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Policing the Police
Body Cameras Not a Cop Cure-All

Here’s a sobering statistic for those who argue that body-worn cameras (BWCs) will increase police accountability: In a pilot program of the cameras in Detroit, only 26 percent of incidents in which police used force were captured on the cameras. Ars Technica covers an “independent police monitor’s report” on six months of body camera use in the city. One reason for such a low capture rate is that supervisors and off-duty cops didn’t always wear the cameras, but even for those who did the results were poor. Only 47 percent of incidents involving camera-wearing cops were recorded, for various reasons:

The most common being that the encounters progressed or deteriorated too quickly for them to safely activate the BWC, as was reported in 11 of the 45 incidents. The second most common reason identified for lack of recording was user and/or equipment error, as was reported in five of the 45 incidents where the officers did not charge their units, could not download footage, or wore BWCs in a way that obscured the audio and/or video. In five of the 45 incidents, it is unknown if the BWC was used because the supervisor did not make any mention of it in the supervisor cover report; in one incident, the supervisor did mention that the BWC wasn’t activated but didn’t say why.

Some of these problems are in principle fixable. You could require supervisors to wear them, or give police better training in how to use them. You can create cameras that police could turn on faster. But swiftly escalating conflicts and bad footage can be unavoidable, and moves toward transparency don’t always mean government employees will be held responsible for bad behavior.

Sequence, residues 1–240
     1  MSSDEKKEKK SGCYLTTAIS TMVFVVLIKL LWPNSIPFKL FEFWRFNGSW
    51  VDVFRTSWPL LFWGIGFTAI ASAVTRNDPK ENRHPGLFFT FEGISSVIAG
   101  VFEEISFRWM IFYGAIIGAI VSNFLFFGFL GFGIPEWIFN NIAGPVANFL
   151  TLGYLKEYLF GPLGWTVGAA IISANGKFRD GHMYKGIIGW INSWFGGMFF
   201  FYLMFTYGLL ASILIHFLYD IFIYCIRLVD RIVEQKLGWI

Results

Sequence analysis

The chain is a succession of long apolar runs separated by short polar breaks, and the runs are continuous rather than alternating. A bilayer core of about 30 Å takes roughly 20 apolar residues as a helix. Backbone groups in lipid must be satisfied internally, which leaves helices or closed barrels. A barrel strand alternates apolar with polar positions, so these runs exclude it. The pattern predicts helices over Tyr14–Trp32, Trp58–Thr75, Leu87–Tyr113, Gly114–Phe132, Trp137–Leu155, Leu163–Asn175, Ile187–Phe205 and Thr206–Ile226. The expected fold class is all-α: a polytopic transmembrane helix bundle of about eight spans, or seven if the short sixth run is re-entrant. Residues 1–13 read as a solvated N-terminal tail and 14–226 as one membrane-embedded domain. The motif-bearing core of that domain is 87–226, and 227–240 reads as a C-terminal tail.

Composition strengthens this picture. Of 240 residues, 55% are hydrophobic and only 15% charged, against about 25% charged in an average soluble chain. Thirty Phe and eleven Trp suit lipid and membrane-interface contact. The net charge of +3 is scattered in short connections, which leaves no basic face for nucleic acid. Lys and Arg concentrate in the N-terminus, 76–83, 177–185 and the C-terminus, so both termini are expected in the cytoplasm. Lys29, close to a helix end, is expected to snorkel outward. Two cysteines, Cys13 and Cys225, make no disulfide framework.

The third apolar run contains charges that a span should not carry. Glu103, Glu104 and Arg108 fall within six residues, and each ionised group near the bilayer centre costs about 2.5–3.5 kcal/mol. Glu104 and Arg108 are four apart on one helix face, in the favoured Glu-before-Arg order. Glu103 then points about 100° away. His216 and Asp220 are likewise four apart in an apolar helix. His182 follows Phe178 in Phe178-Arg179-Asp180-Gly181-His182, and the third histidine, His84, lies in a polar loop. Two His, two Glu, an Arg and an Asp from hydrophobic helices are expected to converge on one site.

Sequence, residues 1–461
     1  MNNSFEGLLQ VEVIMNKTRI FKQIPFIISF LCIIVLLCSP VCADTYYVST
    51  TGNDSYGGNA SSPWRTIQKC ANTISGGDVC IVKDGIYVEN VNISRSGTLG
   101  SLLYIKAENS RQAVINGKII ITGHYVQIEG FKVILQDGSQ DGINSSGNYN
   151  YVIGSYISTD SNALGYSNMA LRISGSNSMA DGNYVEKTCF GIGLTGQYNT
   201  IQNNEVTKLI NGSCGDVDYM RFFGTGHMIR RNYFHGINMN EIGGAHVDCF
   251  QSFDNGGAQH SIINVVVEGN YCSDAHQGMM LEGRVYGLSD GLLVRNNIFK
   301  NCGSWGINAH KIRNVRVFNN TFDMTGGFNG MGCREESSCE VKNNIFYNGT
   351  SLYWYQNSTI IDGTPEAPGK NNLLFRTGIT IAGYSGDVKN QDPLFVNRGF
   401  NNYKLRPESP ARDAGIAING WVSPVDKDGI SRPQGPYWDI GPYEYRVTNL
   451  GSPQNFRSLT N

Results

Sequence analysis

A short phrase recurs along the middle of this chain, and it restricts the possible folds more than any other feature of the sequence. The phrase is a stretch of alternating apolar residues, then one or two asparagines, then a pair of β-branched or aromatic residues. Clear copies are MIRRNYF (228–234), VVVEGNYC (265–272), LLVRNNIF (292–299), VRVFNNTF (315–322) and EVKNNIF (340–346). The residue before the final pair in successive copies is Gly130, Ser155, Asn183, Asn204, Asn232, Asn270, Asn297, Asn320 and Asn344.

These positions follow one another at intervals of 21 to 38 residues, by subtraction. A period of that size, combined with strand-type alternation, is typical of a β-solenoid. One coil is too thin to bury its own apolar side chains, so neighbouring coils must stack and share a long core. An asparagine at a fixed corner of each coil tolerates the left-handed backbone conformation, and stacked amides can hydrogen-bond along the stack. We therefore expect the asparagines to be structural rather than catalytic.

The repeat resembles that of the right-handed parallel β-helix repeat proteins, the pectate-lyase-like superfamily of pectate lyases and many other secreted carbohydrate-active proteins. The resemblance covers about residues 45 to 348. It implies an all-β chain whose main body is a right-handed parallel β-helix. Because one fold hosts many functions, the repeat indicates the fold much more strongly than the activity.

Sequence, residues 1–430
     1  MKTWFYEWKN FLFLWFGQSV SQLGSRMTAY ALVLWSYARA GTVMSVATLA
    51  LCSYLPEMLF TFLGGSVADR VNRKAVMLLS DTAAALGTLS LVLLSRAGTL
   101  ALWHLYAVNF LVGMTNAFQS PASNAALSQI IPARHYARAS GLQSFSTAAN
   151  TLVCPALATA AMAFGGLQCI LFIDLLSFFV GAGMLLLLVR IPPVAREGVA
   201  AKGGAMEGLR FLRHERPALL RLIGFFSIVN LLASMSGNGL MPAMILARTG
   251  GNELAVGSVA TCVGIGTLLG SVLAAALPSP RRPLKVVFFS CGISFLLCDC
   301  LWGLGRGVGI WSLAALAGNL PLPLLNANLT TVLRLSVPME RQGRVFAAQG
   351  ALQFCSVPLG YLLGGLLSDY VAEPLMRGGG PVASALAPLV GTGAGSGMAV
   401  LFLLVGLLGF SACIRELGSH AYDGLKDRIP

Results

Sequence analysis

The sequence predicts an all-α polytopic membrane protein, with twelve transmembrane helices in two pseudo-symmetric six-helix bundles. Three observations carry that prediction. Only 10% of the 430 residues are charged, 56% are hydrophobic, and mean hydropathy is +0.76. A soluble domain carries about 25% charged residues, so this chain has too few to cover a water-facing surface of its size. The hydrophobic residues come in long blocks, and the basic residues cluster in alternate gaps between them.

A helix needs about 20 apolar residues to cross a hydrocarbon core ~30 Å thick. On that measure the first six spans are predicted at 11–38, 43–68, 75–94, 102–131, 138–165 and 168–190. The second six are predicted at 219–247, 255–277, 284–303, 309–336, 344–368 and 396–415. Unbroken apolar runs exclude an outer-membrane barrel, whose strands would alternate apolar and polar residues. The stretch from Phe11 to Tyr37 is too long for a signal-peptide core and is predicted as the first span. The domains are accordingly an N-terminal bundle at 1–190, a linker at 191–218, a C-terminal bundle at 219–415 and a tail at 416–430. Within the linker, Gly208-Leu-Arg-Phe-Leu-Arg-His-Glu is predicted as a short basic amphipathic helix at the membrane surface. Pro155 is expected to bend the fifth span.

It’s worth noting, though, that studies of cameras elsewhere produced more promising results. In Rialto, CA, police use of force fell by 60 percent and public complaints by 88 percent after cameras were introduced. And Detroit is pushing ahead with a second pilot program, indicating that the leaders there believe in body cameras. Interestingly, articles about this second program make no mention of the above report, so it’s not clear whether it has had an impact. But unless the rate at which the cameras pick up incidents dramatically improves, cameras are not likely to be a very good solution in Detroit.

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  • Andrew Allison

    Surely it’s obvious why only 47 percent of incidents involving camera-wearing cops were recorded! If camera’s are to be effective, failure to use them should result in disciplinary action.

  • FriendlyGoat

    Police departments and their governments are mainly interested in three things with respect to cameras:
    1) They want to document bad guys being bad
    2) They want to minimize or defend lawsuits
    3) They want the public to shut up and find something else to gripe about

    Citizens need to be reminding their departments of these benefits AND pushing on toward the Rialto result.

  • DiogenesDespairs

    Does something obviously useful in dealing with a widespread problem have to be perfect? A 47% rate is a heck of a lot better than a 0% rate. The way you play this otherwise useful story is disappointing coming from The American Interest.

  • Fred

    It will be interesting to see what happens to the crime rates in Rialto and Detroit over time. If I were a betting man, I’d lay odds on a rise.

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